It turns out that telling people to vote and vote and vote some more in a system designed for minority rule, and where gerrymandering requires the Democrats to produce bigger and bigger turnout for smaller and smaller margins in Washington, can start to ring a bit hollow. How can you vote and win—and yet still lose so badly? Through the din of rage on social media and spontaneous protest in the street, even the most dedicated Democrats could hear the unmistakable, echoing sound of defeat.
Then Ioffe relates how some Republican consultants (no idea how large ‘some’ is) think abortion isn’t the winning issue, and that inflation and gas prices will be the dominant issues in the fall. Admittedly, what GOP operatives have to say should be taken with a grain of salt: none of them are going to say, ‘we had November in the bag, until abortion screwed us.’ They’re operatives talking their book.
But I think there’s a critical dynamic here: abortion is a huge part of women’s lives, and it’s not just about the percentage of women who’ve had one. At the risk of mansplaining women’s lived experiences, it’s worth walking through this.
Many men, at a visceral level, do not comprehend how much time and energy women between the ages of fifteen and fifty (plus or minus a few years) spend trying to avoid getting pregnant. And I think a large number of women have internalized this crucial behavior to the point where they don’t recognize how much effort they sink into this. It becomes something (or another thing) that just has to be done.
It’s literally a daily exercise if a woman is on the pill, and even if she is using long-term contraception, there still are multiple interactions with the (often annoying at best) healthcare system. Most of the women I know (long-time friends, relatives, or significant others) have had difficulty getting birth control (e.g., traveling or moving, and they to refill or extend prescriptions; having to switch doctors etc.).
Compare this to the experience of a healthy twenty-five year old man–other than a pack of condoms (at most), there’s very little effort or time spent dealing with this*. Again, I’m literally mansplaining what I would hope is obvious. But there are important political consequences here.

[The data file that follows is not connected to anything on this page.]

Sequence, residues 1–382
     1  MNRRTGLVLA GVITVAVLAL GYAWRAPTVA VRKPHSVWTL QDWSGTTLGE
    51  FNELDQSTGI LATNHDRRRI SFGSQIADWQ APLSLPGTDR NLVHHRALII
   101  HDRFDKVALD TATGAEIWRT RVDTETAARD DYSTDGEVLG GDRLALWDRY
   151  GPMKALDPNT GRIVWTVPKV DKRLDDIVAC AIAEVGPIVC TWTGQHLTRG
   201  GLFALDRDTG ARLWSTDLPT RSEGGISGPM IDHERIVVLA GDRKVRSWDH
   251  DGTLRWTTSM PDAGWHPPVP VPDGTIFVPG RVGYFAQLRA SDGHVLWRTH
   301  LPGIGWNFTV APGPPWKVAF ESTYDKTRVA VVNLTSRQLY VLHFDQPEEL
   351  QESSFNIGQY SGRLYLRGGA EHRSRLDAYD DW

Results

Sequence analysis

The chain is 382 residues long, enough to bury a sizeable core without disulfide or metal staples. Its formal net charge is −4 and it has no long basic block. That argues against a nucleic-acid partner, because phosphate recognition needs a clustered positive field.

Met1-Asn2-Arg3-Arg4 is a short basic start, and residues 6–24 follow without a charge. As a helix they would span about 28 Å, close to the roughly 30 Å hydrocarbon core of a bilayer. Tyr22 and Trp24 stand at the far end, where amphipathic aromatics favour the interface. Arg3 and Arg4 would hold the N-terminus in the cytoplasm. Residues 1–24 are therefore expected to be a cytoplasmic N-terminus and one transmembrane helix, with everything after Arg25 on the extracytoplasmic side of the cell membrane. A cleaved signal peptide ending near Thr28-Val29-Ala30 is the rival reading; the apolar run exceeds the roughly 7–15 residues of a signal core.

If there’s one thing I got wrong during our ongoing COVID pandemic, it’s that I thought the relative immediacy of policy decisions would have more political consequences. That is, a policy decision, such as ending masking, would be experienced only weeks or a couple of months later, and that would affect both policy and politics. This actually is quite different from most policy, where it usually takes a couple of years between enactment and ‘on the ground’ effects.
But with abortion, the effects are already being felt. Women can’t get the healthcare they need, whether it’s abortion or just medication for other illnesses that potentially could harm a fetus, such as medicines to treat rheumatoid arthritis. This is as immediate as it gets, and to return to the mansplaining, it reminds women of all the other ‘biology shit’ they have to put up with. Yes, the economic issues of inflation (and everything else) do matter–I’ve blogged about their saliency many, many times (kinda what I do here…). But abortion now that it is no longer available in many parts of the country seems to me like it could be very salient and not fade, if not to an anti-abortion Republican male political operative.
So maybe abortion is different this time, and despite all of the undemocratic and anti-majoritarian features of our political system, it will affect politics. If it doesn’t, I don’t know what else could.
*This is also one reason why men are less likely to seek medical attention in general: healthy twenty-five year olds don’t really need to see a doctor at all (they should, but they don’t need to do so), so they don’t develop the habit.